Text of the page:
I just finished Kitchen Chinese (Avon, 2010), Ann Mah’s debut novel and boy am I hungry. My husband bought fixings for Moroccan chicken tonight, so at least we’re spicing things up. (We did have Chinese last night!)
The thing I loved about Kitchen Chinese was that it went beyond food. The subtitle reads “A Novel about Food, Family and Finding Yourself”, but I didn’t feel like the food took away from the plot, as has been the case in the last few books I’ve read about China and food. I love Chinese food and all, but nothing keeps my attention more than a juicy story. (Another great food book about China is Linda Furiya’s How to Cook a Dragon (Seal Press, 2008), her second memoir.)
Reading Kitchen Chinese brought me to a new Beijing, a world away from the city I knew in 1988 and 1991, my only two visits to the Chinese capital. Back then, Beijing seemed more like Pyongyang on a good day, but now it ranks among the hippest international cities. Mah’s characters are life-like and bring me back to my days in Hong Kong and to my expat friends–people, like myself, who left the predictable in search of adventure in a land so different from home.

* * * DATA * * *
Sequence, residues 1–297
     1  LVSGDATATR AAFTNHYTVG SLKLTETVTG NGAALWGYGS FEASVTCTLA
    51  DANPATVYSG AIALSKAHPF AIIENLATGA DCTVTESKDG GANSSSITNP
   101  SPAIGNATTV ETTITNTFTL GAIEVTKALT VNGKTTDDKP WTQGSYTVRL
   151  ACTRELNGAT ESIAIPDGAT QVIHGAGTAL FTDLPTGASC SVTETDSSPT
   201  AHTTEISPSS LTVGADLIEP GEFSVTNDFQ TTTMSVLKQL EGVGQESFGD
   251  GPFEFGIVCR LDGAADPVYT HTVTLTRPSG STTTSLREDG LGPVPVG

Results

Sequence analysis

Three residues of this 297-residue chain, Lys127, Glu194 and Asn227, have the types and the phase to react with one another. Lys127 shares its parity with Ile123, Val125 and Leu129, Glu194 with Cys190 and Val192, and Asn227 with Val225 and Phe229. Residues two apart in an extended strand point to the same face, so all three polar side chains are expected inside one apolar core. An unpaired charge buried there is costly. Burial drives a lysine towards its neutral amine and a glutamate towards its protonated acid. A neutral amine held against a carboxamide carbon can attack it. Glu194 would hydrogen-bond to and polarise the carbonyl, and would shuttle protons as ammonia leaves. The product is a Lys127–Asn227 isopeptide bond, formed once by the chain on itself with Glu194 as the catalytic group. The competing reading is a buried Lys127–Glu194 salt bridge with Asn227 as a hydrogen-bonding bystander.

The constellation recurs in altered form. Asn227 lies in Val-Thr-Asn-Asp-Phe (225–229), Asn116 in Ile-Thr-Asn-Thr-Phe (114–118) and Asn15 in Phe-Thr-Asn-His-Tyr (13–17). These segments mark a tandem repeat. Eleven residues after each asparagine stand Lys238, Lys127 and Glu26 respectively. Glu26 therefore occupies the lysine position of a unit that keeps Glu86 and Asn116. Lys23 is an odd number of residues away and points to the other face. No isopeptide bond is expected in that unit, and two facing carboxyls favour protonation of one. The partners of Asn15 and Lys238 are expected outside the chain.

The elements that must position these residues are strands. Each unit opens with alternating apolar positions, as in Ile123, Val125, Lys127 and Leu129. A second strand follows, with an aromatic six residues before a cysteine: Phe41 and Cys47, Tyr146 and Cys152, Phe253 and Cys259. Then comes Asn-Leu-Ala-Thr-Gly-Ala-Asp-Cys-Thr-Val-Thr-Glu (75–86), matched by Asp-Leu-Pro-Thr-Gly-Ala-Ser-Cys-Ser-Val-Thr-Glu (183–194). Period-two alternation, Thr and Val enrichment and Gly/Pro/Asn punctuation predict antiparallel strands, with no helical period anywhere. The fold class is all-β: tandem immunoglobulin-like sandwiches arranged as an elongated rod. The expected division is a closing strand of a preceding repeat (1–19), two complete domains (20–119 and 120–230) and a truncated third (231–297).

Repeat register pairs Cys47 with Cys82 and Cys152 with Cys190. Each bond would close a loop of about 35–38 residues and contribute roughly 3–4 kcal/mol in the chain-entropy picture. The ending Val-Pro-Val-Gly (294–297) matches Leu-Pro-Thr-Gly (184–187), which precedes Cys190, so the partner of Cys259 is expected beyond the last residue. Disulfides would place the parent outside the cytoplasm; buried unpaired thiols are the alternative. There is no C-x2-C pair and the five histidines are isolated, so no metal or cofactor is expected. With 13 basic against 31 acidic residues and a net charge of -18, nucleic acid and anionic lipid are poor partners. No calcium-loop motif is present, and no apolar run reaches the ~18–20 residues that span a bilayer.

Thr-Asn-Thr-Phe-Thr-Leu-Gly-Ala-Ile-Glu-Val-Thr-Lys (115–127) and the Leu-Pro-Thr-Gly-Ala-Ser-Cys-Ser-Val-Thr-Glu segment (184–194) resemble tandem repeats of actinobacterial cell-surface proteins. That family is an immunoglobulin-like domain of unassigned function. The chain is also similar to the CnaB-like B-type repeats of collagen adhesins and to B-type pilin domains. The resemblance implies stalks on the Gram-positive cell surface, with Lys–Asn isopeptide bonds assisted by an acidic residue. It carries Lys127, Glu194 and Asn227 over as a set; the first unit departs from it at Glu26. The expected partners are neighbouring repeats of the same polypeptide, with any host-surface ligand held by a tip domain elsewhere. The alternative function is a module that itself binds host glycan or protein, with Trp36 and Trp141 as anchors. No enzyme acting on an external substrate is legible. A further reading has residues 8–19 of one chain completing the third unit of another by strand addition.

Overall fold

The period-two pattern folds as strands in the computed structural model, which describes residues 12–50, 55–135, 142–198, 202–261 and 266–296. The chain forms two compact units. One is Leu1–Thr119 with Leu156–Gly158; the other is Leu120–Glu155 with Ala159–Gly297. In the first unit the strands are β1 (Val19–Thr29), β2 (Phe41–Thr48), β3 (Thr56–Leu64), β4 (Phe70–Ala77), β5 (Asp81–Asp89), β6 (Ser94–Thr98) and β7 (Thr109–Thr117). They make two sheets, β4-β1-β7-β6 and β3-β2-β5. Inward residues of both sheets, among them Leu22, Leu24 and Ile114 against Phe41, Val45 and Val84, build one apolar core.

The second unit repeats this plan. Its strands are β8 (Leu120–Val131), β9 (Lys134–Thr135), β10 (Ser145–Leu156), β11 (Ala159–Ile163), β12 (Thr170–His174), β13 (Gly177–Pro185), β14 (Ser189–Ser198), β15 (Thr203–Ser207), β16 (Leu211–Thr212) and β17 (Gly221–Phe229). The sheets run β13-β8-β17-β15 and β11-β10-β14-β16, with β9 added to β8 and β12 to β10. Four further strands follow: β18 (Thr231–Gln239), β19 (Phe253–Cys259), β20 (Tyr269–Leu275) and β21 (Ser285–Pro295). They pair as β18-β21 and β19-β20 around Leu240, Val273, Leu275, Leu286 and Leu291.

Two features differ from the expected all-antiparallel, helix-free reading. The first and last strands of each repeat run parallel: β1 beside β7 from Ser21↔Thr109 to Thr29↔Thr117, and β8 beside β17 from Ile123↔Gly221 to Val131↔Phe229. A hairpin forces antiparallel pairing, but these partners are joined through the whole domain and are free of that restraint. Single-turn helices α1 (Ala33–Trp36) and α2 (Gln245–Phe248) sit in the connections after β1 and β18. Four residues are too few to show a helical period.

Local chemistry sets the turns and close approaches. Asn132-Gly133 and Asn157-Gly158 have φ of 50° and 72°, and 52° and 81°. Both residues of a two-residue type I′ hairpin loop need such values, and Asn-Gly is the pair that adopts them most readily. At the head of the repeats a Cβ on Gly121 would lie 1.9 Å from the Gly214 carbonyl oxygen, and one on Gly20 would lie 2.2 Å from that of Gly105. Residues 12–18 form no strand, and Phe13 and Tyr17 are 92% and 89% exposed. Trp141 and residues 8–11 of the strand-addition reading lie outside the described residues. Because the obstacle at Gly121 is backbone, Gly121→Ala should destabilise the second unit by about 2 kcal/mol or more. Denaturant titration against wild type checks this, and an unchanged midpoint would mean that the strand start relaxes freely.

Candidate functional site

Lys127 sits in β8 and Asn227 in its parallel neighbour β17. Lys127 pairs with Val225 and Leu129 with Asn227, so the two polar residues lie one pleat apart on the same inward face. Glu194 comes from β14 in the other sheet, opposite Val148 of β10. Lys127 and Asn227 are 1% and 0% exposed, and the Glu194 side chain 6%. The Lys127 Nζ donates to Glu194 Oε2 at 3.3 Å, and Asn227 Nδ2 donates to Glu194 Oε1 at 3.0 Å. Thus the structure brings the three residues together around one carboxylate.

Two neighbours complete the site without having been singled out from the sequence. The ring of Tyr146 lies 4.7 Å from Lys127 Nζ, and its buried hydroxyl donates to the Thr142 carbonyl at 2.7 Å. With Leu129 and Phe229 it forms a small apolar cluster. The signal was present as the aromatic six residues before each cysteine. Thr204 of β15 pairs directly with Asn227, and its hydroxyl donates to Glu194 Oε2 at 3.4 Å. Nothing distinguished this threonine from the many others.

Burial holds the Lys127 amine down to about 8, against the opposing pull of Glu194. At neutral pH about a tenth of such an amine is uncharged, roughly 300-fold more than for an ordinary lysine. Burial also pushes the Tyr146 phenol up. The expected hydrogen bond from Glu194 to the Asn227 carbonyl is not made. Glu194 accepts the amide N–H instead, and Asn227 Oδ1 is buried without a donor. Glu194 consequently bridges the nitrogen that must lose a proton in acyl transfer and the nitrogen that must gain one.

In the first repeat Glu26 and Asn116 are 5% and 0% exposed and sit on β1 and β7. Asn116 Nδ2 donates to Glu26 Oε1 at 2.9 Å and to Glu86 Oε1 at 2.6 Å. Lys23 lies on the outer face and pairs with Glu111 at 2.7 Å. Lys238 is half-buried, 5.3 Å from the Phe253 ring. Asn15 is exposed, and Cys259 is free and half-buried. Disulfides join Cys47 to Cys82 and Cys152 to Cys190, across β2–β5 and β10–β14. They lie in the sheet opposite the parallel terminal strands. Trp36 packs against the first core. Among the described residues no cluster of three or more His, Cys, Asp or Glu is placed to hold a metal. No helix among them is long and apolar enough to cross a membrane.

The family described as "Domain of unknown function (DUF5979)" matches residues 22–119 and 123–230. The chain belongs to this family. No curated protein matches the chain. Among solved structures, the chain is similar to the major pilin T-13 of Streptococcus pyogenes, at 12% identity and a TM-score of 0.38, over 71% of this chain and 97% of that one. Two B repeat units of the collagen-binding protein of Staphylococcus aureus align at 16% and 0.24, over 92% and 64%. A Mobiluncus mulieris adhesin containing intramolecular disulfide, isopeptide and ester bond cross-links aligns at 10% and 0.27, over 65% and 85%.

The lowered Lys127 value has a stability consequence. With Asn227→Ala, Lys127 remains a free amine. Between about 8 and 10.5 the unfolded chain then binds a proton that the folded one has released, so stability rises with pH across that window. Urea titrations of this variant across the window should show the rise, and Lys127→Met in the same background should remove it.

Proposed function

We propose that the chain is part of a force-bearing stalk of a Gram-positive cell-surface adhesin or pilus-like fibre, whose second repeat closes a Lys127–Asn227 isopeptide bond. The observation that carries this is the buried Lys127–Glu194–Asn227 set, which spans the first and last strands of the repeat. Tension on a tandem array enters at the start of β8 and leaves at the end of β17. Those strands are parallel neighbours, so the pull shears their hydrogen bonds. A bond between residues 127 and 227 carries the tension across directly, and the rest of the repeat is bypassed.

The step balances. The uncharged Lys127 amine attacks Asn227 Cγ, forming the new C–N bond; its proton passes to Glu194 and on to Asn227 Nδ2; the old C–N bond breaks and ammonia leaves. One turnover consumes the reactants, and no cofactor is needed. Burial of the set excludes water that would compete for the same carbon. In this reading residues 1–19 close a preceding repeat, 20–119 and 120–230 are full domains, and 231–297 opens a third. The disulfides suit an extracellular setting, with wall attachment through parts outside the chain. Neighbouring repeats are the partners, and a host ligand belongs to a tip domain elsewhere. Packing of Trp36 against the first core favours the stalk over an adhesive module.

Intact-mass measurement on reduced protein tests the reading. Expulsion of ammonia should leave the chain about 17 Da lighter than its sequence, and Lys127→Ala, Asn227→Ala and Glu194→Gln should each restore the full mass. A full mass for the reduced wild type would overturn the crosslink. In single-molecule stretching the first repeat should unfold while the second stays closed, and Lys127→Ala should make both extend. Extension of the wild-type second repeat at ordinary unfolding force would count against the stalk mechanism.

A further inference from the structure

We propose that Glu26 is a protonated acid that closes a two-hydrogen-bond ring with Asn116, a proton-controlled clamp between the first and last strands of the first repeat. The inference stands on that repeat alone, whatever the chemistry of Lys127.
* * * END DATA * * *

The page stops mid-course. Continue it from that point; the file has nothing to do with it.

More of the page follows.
I was particularly interested in reading Mah’s novel because her mother’s book, Falling Leaves: The Memoir of an Unwanted Chinese Daughter by Adeline Yen Mah (Penguin, 1997), is one of my favorites and gave me inspiration to leave my bad marriage ten years ago. Ann Mah, in her own book, proves she’s successfully followed in her mother’s footsteps as a captivating storyteller.